Capitol Architect Says Prospects for Reopening Capitol’s West Front Are “Slim”
by Larry Janezich
Architect of the Capitol Steven Ayers told the Capitol Hill Restoration Society (CHRS) last Wednesday night that chances for reopening the Upper Terrace of the West Front of the Capitol to the public are “slim.” Asked by ANC6B Commissioner Norm Metzger at the fall CHRS membership meeting at Hill Center if a more imaginative way could not be found to govern access to points viewed as vulnerable in the wake of the September 11th attacks, Ayers replied that “we live in a dangerous world,” and though visitors are “still welcome” at the Capitol, “there are limitations.”
For several years now, Capitol Hill residents have had no opportunity to enjoy the vista from the West Front of the Capitol Building. Security recommendations for the Capitol are made by the Capitol Police Board, comprised of House Sergeant at Arms Bill Livingood, Senate Sergeant at Arms Terrance Gainer, and Ayers. It is only in recent years that individuals with security backgrounds (Livingood was formerly a Secret Service agent, Gainer comes from DC Metropolitan Police) have been appointed to the Capitol’s top administrative posts. Before September 11th, these posts were filled from the Congressional staff of the Congressional leadership.
Mirroring a broader trend, security personnel have become far more influential in the Capitol’s operations, and once security restrictions are imposed, they are seldom relaxed. Prior to WWII, for example, visitors to the Capitol Building would climb to the lower interior balcony around the Rotunda of the Capitol. Closed during the war for security reasons, it has never been reopened to the public.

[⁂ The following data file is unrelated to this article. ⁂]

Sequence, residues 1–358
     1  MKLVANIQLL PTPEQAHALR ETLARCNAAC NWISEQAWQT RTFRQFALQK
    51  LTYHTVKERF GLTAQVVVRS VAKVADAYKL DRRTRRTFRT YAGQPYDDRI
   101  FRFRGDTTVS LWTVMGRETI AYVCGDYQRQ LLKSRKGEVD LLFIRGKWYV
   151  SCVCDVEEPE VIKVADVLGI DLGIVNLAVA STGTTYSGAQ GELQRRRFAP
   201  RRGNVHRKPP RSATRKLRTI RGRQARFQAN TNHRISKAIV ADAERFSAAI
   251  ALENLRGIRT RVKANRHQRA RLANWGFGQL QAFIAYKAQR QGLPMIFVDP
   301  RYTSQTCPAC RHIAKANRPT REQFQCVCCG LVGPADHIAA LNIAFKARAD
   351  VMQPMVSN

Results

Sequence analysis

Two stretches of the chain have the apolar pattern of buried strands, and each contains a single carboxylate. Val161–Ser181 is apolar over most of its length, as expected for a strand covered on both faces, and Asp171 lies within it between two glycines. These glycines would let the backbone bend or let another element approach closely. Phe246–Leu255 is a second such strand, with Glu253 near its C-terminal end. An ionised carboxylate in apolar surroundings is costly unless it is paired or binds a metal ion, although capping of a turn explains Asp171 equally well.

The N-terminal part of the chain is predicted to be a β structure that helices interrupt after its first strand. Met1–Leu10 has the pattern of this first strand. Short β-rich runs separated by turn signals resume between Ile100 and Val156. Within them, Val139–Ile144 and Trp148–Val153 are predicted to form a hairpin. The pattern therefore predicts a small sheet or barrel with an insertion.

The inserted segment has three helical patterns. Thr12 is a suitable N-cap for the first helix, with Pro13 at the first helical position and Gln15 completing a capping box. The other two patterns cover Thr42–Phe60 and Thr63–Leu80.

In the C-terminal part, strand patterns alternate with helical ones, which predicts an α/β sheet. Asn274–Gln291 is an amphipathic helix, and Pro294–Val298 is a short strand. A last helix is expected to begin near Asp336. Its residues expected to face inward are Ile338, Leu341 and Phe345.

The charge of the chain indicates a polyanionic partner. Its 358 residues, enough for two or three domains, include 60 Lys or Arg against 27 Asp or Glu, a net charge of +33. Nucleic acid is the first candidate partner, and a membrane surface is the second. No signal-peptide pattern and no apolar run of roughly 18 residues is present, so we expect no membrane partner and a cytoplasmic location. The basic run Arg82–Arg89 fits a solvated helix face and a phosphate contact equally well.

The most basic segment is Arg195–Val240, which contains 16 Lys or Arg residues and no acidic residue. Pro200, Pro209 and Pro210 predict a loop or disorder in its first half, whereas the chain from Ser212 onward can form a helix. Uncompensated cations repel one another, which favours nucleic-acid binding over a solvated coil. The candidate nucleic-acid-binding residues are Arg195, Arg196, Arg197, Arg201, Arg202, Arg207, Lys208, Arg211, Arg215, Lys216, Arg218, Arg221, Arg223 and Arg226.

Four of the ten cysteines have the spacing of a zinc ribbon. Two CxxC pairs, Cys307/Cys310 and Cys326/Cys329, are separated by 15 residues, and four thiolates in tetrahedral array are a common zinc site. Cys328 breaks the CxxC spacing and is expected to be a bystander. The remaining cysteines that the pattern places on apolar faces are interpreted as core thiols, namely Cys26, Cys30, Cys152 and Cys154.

In response to another question from CHRS members about the future of the former House Page’s Residence at Second and E Streets, SE, Ayers said that is up to the Speaker’s office and no decision has been made. Among the options he noted were to “sell, refurbish, or do nothing.”
Ayers was the featured speaker at the CHRSs fall membership meeting. It was held in the as-of-yet unfinished Carriage House at Hill Center. The Center is in the process of getting a certificate of occupancy for the main building.
Highlights of Ayer’s PowerPoint presentation to the group:
A bust of Rosa Parks would be placed in the Capitol in December
The building in the Capitol complex suffering the most damage from the recent earthquake was the Rayburn House Office Building
The restoration of the Bartholdi Fountain West of the Rayburn Building is now complete and the park is open to the public
A tour of Hill Center for those attending the meeting followed the presentation.